Agoa Free Trade Agreement

While Lesotho has benefited from AGOA for two decades, other sectors and sectors are just beginning to benefit. Namibia has a large livestock sector, with more than 7.7 million cattle, sheep and goats. In 2019, Namibia was the first country in Africa to export beef to the United States after 15 years of working to comply with safety rules and logistics, and will export 860 tons of beef to the United States in 2020, reaching 5,000 tons by 2025. Exporting to the U.S. is a big market opportunity for Namibia — the U.S. is the largest consumer of red meat, with Americans consuming an average of 120 kilograms of meat per person per year, according to the U.S. Department of Agriculture. Namibia Meatco has benefited from AGOA`s duty-free access to the U.S. market – given the infancy of beef export relations with the U.S., a disruption to AGOA could jeopardize its sustainability and undermine capital investment in this sector. The United States has warned Kenya against manipulating the shilling against the dollar during ongoing talks on a bilateral trade pact. The United States is working to commit to Kenya, as part of the trade agreement, influencing market forces on the schilling exchange rate against the dollar.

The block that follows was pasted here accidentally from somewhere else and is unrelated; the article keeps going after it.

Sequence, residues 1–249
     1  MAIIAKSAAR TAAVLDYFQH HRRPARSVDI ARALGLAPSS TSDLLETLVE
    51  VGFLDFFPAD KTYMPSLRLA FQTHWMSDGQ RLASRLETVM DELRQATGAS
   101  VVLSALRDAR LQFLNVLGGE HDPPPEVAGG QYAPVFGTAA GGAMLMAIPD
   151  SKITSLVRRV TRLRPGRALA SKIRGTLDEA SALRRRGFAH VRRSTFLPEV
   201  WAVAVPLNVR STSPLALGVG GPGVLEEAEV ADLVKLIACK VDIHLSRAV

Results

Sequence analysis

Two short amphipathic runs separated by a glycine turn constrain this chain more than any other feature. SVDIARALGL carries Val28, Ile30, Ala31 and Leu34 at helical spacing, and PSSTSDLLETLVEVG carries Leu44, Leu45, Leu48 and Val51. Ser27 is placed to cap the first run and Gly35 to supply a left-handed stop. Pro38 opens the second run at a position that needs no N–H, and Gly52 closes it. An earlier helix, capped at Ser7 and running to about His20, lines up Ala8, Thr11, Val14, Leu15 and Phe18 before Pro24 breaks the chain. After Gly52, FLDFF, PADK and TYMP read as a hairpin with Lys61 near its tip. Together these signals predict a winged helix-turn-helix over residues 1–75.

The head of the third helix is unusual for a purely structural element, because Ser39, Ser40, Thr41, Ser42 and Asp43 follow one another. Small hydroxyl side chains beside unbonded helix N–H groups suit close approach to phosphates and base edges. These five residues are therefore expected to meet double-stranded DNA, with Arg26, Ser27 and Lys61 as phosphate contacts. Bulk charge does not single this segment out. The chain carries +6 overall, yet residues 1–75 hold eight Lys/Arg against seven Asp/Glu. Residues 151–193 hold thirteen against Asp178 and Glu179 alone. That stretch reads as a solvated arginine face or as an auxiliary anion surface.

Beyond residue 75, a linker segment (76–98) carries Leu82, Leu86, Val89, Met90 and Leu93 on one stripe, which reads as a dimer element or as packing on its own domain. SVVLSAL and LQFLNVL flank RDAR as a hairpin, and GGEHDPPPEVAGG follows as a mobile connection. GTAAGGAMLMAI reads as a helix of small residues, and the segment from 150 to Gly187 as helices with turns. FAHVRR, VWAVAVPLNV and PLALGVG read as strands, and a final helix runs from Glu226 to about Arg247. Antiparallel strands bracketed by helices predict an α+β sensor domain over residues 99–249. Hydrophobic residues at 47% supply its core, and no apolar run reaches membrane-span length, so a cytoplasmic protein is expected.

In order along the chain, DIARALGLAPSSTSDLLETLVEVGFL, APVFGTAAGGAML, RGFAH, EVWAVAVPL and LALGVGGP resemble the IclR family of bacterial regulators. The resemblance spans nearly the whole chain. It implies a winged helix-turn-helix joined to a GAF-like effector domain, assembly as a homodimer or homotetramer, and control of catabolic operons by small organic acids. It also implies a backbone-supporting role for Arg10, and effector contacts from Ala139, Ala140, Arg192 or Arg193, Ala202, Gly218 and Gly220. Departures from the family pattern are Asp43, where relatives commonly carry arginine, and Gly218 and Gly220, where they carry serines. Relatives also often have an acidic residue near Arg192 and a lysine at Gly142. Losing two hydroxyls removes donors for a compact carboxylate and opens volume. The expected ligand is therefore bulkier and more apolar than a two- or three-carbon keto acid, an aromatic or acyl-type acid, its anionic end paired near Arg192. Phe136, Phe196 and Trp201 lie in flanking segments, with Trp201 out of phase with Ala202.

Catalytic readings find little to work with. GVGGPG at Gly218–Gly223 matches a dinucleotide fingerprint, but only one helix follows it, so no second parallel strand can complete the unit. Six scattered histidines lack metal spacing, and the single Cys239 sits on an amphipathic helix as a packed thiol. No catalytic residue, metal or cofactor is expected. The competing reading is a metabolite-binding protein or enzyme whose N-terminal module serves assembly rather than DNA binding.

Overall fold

This precondition for the Free Trade Agreement (FTA) reflects the Commission`s previous assertions. In recent months, the United States has begun negotiations for a bilateral free trade agreement with Kenya. These negotiations are consistent with the current government`s vision for a trade recession, not preferential trade programs. While these negotiations could lead to the first bilateral trade agreement between the United States and a sub-Saharan African country, the transfer of regional preferential agreements to bilateral free trade agreements could undermine the growth of small countries that may not be of sufficient economic interest to the United States. Bilateral agreements could also undermine efforts to create a regional economic bloc by Africa`s continental AfCFTA. While these negotiations are expected to give rise to the first bilateral trade agreement with a sub-Saharan African country, negotiators face a number of challenges, of which AGOA has had limited success in some countries. . .

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